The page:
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Advice, different perspective leads to better decisions

The president’s Cabinet is part of the executive branch of the United States federal government. Its role, which is advisory, is inferred from Article II of the U.S. Constitution. The Cabinet has traditionally been comprised of the vice president and various heads of executive departments, although the Constitution doesn’t specify which departments, how many or what their duties should be.

George Washington included only four other members in his Cabinet, but modern Cabinets have been comprised of dozens of individuals, including lower-ranking officials. Some of the more familiar core Cabinet members include the secretaries of State, Defense, Treasury, Interior, Agriculture, Education, Energy, Commerce, Veterans Affairs, Labor, Transportation, Health and Human Services, Homeland Security and Housing and Urban Development. Others, like the attorney general and the CIA director, aren’t typically referred to as secretaries, and their roles on the Cabinet generally aren’t so well-recognized.

Over the years, presidents have used their Cabinets to differing degrees and for different purposes. Moreover, each new president appoints his or her own Cabinet members, with changes occurring throughout the president’s term. The names of the key departments and their heads have also changed over time, with new ones being proposed from time to time (like departments of peace, social welfare, public works, community development and arts, to name a few).

The one constant, though, is that all presidents have tried to appoint to their respective Cabinets individuals on whom they could rely as experienced, knowledgeable and trusted advisers. Anyone who serves in public office, especially at the head of government, needs good advice. None of us could or should do it alone. It would be a serious mistake to rely solely on our own opinions, agendas and worldviews. Trusted advisers bring fresh perspectives to bear on critical decisions.

In Boulder City, neither I as the mayor nor any of my fellow council members has an official Cabinet to rely on. But we do have each other. I rarely come away from a conversation with one of my colleagues without a helpful new perspective, an idea that’s never occurred to me, or an important piece of information that I feel compelled to consider in deciding an issue. We don’t always agree on all the details, but it’s actually quite rare when we don’t come to a consensus after some healthy debate, deliberation and compromise. I’m so thankful for what each of them brings to the table in our effort to continually do what’s best for Boulder City.

Furthermore, each of us relies heavily on the city manager, department heads and upper-level management teams to provide us crucial information and recommendations. Those include the city clerk’s office, the city attorney, our fire and police chiefs, heads of the Public Works, Finance, Community Development and Parks and Recreation departments, our administrative officer, airport manager, contracts and real estate manager, electric utility administrator and city engineer, and the many other staffers to whom these key players delegate responsibilities.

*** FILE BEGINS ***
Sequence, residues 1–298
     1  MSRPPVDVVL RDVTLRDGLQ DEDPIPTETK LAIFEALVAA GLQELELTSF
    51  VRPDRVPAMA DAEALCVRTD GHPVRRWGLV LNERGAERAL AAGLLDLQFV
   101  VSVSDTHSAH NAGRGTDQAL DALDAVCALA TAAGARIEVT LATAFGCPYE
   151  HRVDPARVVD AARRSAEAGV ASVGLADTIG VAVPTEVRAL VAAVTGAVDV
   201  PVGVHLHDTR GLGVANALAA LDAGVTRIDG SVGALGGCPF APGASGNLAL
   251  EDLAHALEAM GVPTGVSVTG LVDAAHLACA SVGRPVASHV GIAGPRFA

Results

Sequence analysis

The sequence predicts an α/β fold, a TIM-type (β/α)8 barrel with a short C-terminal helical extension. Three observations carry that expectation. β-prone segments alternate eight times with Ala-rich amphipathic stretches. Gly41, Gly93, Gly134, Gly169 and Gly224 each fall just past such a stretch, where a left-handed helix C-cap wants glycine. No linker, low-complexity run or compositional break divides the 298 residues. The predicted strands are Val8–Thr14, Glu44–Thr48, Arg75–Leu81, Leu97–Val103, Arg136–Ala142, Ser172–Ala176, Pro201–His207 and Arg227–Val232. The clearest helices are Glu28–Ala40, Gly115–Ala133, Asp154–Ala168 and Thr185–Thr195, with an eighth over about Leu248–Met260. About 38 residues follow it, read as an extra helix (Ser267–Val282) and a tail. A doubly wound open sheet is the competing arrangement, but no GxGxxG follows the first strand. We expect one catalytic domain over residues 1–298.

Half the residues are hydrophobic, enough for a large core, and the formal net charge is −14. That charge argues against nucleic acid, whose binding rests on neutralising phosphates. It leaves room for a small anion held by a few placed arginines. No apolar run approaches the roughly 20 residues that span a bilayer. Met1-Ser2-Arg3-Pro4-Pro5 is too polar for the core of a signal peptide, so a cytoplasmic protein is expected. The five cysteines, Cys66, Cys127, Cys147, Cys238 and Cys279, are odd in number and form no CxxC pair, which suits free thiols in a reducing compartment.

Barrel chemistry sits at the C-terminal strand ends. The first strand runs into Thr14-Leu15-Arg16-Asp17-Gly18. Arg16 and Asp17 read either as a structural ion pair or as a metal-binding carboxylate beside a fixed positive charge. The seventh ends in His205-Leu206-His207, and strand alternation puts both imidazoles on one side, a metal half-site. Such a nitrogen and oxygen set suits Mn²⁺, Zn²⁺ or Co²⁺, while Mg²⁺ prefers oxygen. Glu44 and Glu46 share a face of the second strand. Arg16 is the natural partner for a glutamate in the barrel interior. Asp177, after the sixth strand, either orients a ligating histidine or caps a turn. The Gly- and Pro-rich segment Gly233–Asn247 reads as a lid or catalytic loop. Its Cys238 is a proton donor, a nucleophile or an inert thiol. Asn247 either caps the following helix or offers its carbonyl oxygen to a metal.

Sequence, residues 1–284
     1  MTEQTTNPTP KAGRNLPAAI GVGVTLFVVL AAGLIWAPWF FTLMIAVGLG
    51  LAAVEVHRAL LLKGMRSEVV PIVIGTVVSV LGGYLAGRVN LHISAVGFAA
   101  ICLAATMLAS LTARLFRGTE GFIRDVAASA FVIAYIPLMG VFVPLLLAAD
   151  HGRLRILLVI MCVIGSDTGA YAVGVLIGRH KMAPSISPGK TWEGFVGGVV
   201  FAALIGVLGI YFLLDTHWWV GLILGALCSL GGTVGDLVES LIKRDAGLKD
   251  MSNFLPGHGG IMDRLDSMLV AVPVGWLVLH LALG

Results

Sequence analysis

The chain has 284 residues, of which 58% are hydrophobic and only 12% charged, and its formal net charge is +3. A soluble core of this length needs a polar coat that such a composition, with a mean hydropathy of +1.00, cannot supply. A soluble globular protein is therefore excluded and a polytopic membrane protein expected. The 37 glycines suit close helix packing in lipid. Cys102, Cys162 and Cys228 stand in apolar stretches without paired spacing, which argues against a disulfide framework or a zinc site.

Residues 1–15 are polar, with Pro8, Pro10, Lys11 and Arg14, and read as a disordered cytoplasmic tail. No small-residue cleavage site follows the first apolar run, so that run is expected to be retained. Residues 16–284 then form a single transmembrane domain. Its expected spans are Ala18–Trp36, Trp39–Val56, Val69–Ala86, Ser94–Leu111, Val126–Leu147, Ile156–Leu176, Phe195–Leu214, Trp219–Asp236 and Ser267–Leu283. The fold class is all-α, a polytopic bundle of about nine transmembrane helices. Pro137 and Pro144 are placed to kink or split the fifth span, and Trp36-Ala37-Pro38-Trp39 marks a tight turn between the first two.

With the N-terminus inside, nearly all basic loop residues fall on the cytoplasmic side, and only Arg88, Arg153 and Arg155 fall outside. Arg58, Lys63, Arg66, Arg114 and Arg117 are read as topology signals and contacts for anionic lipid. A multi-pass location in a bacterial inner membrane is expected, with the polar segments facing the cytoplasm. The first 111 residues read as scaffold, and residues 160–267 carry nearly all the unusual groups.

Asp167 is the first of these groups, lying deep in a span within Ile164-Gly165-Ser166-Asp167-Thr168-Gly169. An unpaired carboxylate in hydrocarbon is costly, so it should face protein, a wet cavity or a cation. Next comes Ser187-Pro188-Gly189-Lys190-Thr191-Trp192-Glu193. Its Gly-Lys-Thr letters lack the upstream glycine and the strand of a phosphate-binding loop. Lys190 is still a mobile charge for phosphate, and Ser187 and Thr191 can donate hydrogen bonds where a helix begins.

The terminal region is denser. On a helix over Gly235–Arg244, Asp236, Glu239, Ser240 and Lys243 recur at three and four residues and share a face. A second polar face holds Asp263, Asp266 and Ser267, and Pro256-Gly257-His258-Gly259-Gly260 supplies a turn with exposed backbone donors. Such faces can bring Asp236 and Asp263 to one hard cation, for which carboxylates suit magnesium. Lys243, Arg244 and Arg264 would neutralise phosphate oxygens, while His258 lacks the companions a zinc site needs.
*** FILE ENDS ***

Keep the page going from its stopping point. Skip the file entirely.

The same is true of our advisory committees and commissions to which so many generous citizens devote their time and energy. Without these individuals, we would be perpetually underwater and ill-equipped to make informed decisions. Truly, each of these employees and residents plays an important part on Boulder City’s unofficial “Cabinet.”

While I can’t speak for other council members, I can tell you that my own Cabinet of trusted advisers doesn’t stop there. In fact, I’ve assembled several less-formal Cabinets that I affectionately refer to as my Kitchen Cabinets. I won’t embarrass the individuals who serve on them. And most of them wouldn’t even realize that they did anyway, because we rarely, if ever, meet as a group, much less in a formal settling. Instead, it’s usually one on one around the kitchen table, at a kids’ event, at the grocery store or anywhere else that we happen to be gathering or bump into one another around town.

The subjects that my Kitchen Cabinets and I discuss range broadly from historic preservation to local schools, public health and safety, airport issues, landfill permits, marketing, real estate, building codes, economic vitality, parks, energy initiatives, public opinion, athletics, home health care, drug court, customer service and on and on. And that’s good, because I find that I need good advice on just about everything.

Like the president’s Cabinet, my Kitchen Cabinets change over time, ebbing and flowing to meet the needs of the day. Some of my Cabinet members approach me with unsolicited ideas, questions and advice, not even realizing that they’re on my Cabinet or that I end up turning their input into an action item. Other input I specifically solicit. Regardless, all of my Cabinet members play an important role in helping to shape public policy.

To those of you who have unknowingly served on my Kitchen Cabinets over the years, I owe you a debt of gratitude. I wish I could proudly display each and every one of you to the world as if in my china cabinet. Hopefully, one day you’ll get the recognition you deserve. But, for now, please accept my heartfelt appreciation for all the help that you’ve given and continue to give me so unselfishly and almost always without praise or fanfare. Thank you.

Rod Woodbury is mayor of Boulder City. He has been serving on the City Council since 2011 and is the president and managing shareholder of his law firm, Woodbury Law.

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